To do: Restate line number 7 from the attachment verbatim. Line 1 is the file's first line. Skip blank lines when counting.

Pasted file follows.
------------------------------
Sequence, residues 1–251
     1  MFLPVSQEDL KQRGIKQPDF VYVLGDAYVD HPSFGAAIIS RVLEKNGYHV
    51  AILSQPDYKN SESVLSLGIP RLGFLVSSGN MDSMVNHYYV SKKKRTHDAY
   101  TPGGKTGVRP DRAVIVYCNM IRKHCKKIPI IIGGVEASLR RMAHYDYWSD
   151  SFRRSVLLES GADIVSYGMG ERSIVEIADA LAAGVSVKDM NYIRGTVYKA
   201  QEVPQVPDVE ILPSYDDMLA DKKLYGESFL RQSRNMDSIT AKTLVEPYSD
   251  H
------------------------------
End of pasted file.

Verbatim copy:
   251  H